These eschatological words were spoken by Jesus to (and through) Julian of Norwich while she was engaged in mystical prayer. I hold them very close to my heart and find in them a definitive statement about God’s goodness and good intentions for the world.

We may quarrel, but all shall be well.

We may struggle, but all shall be well.

We may suffer, but all shall be well.

We may be so wrapped up in our own selfish pursuits that we miss God’s blessings in the moment, but all shall be well.

We may be discouraged and lonely, but all shall be well.

We may doubt, but all shall be well.

Life’s burdens may sometimes seem too heavy to bear, but all shall be well.

We may be divided ideologically, politically, and theologically, but all shall be well.

We may ache to find a deeper purpose in life, but all shall be well.

We may question our own ability to accomplish the tasks before us, but all shall be well.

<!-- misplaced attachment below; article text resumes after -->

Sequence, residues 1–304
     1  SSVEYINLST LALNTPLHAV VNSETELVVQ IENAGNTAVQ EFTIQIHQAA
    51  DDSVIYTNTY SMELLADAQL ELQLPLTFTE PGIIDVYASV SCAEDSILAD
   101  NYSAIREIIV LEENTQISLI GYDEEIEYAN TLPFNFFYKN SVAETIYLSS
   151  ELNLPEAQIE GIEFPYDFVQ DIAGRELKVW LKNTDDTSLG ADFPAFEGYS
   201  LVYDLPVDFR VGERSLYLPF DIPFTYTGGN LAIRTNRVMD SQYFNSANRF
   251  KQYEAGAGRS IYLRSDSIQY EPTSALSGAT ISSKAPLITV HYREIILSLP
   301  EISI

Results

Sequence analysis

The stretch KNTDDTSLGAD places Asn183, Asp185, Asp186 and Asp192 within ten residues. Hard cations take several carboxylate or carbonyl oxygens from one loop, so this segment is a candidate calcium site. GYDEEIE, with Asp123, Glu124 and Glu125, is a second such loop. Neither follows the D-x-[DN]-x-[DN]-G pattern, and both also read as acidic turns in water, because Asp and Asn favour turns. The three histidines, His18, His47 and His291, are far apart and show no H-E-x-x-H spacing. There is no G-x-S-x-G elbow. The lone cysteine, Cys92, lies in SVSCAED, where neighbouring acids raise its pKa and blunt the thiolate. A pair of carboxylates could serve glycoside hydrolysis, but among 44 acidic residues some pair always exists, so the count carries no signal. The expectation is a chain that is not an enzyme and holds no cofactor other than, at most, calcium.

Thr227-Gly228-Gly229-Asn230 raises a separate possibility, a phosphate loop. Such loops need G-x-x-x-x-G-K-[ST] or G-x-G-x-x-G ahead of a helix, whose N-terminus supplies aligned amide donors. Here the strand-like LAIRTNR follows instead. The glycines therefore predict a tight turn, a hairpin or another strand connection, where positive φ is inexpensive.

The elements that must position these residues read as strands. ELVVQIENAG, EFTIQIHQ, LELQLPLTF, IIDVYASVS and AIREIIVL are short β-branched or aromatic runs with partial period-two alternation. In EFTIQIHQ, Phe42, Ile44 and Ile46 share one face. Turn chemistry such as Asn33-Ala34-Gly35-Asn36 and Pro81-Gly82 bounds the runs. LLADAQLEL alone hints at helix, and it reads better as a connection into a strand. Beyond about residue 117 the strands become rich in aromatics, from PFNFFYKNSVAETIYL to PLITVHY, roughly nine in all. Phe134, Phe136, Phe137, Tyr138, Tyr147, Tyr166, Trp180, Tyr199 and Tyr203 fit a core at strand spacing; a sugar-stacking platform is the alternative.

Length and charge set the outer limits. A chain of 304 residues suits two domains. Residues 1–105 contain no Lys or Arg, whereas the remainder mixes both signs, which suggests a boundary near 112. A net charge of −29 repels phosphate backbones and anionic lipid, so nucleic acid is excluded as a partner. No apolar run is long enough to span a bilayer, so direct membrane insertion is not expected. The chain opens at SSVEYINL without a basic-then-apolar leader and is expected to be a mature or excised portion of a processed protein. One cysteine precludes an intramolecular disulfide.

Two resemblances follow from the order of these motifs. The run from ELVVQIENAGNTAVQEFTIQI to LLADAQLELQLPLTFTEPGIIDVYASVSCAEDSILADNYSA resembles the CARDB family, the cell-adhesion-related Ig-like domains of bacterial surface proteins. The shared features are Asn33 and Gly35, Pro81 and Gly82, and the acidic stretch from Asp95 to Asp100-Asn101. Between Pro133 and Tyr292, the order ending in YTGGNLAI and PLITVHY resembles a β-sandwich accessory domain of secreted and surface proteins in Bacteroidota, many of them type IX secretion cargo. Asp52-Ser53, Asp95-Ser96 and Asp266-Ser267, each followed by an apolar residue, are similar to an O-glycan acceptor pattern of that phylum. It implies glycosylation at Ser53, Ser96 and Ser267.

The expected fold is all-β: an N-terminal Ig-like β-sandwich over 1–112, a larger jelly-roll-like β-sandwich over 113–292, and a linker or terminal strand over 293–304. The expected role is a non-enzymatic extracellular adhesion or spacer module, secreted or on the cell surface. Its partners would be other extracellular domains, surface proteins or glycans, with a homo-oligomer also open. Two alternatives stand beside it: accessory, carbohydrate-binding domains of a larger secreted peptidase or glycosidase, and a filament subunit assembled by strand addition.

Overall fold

We may be wilting under the judgment and criticism of others, but all shall be well.

We may be experiencing terrible grief, but all shall be well.

Ultimately, all manner of things shall be well.

“All Shall Be Well”

“All shall be well. And, all shall be well. And, all manner of things shall be well.”

These eschatological words were spoken by Jesus to (and through) Julian of Norwich while she was engaged in mystical prayer. I hold them very close to my heart and find in them a definitive statement about God’s goodness and good intentions for the world.

We may quarrel, but all shall be well.

We may struggle, but all shall be well.

We may suffer, but all shall be well.

We may be so wrapped up in our own selfish pursuits that we miss God’s blessings in the moment, but all shall be well.

We may be discouraged and lonely, but all shall be well.

We may doubt, but all shall be well.

Life’s burdens may sometimes seem too heavy to bear, but all shall be well.

We may be divided ideologically, politically, and theologically, but all shall be well.

We may ache to find a deeper purpose in life, but all shall be well.

We may question our own ability to accomplish the tasks before us, but all shall be well.

We may be wilting under the judgment and criticism of others, but all shall be well.

We may be experiencing terrible grief, but all shall be well.

Ultimately, all manner of things shall be well.